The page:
Ecology issues the first Washington cap-and-invest offset credits

We’re starting off the year with big news for Washington’s carbon offset program! On Dec. 19, 2023, Ecology issued the first cap-and-invest offset credits for two offset projects providing direct environmental benefits to our state.

The two offset project developers, A-Gas US and Tradewater, were issued a combined 249,136 Ecology offset credits. Each credit represents one ton of carbon dioxide equivalent not emitted into the atmosphere. We’ll get to the details of those projects in a moment, but first, let’s learn a bit more about offset credits and projects. 

Under Washington’s Climate Commitment Act (CCA), entities that emit large amounts of carbon pollution (emitters) in our state are required to purchase or obtain emissions allowances equal to the greenhouse gases they produce. A portion of that obligation can be met through offset credits. The offset credits are obtained from projects that will result in greenhouse gas reductions or removals that are permanent and verifiable. Offset credits are a potentially lower-cost way for emitters to comply with the program. In cap-and-invest programs similar to Washington’s, offset credits typically sell for less than allowances purchased at an auction, creating an incentive for emitters to invest in these projects. After a project is developed, a project developer can apply to Ecology to earn offset credits. Businesses not required to participate in the cap-and-invest program may also choose to purchase offset credits to voluntarily offset their greenhouse gas emissions.  

While Ecology issues and tracks offset credits, all offset credit transactions happen directly between the buyer and seller. Ecology does not generate revenue from selling offset credits. The number of offset credits sold in any particular transaction, and who buys them, is considered confidential information under the CCA, and is legally protected. For businesses looking to buy Washington offset credits, there are offset brokers and trade publications that may provide price estimates once the market develops and sufficient offset credit transactions occur.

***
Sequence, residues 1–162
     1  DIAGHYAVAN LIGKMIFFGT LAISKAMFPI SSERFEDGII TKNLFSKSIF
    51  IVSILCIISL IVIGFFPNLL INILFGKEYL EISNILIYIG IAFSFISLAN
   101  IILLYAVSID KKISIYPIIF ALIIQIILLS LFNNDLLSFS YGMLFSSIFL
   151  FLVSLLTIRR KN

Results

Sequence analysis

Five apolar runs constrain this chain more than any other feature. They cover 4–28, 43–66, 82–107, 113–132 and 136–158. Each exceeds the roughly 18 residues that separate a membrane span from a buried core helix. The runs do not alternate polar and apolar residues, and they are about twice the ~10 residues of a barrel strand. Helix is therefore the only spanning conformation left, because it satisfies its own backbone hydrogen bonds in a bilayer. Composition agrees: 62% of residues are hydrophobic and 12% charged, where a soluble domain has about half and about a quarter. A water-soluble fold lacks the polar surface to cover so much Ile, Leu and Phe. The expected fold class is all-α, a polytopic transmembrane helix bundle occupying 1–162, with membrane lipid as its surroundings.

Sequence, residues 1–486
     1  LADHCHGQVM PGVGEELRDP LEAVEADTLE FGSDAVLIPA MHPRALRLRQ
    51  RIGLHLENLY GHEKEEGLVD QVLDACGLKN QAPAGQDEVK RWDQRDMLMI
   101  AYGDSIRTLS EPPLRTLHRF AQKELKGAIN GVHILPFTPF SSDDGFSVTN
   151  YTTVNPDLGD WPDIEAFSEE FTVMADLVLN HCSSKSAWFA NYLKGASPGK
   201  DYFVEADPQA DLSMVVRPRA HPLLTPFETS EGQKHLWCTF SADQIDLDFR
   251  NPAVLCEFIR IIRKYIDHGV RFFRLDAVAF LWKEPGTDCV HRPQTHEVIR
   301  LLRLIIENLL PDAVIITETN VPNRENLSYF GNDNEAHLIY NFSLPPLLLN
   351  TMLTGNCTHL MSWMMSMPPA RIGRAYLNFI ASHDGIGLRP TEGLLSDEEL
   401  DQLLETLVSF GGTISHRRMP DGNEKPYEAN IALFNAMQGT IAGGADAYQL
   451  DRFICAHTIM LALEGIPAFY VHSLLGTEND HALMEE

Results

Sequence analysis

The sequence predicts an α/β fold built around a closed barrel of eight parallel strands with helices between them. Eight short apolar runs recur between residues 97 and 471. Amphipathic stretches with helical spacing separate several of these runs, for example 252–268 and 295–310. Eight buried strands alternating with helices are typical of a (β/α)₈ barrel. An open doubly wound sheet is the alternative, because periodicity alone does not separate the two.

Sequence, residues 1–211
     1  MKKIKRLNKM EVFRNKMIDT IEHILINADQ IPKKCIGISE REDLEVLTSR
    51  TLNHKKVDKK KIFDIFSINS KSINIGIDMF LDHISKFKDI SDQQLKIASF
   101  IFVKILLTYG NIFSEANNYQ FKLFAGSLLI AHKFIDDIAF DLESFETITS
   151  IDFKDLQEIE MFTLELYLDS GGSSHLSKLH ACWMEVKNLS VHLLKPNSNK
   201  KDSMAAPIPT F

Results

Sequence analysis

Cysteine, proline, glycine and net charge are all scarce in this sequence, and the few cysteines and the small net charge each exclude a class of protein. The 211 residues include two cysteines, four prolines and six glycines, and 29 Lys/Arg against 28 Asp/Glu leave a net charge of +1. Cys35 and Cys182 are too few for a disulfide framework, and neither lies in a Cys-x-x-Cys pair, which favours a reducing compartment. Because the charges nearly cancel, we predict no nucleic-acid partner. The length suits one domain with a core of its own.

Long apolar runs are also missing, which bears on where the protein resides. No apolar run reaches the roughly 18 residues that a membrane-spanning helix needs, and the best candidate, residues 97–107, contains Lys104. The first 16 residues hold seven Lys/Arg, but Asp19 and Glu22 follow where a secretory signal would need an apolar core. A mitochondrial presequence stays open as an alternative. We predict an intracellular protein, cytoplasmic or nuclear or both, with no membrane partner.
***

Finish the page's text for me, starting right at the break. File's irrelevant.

Ecology will publish the total quantity of offsets used for compliance and reduce the next year’s total allowance budget for Washington by that amount. By reducing the allowance budget in proportion to offsets used, we ensure that offset credits in Washington’s cap-and-invest program are “under the cap” and do not allow greenhouse gas emissions over our annual allowance budgets. This helps keep us on track to meet our commitment to reduce emissions in Washington by 95% by 2050.

How many offset credits can businesses use to cover their emissions? 

In the first compliance period (2023-2026), a business can generally cover up to 8% of the emissions with offset credits through a combination of general offset credits and credits from projects on federally recognized Tribal lands. These percentages will be reduced to 6% during the six remaining compliance periods (2027-2049). There is an annual limit on offsets to ensure that businesses are still investing in reducing their emissions and decarbonizing their operations over time. If Washington were to link carbon markets with California and Québec, the percentage of offset credits a business can use to cover their emissions would not change.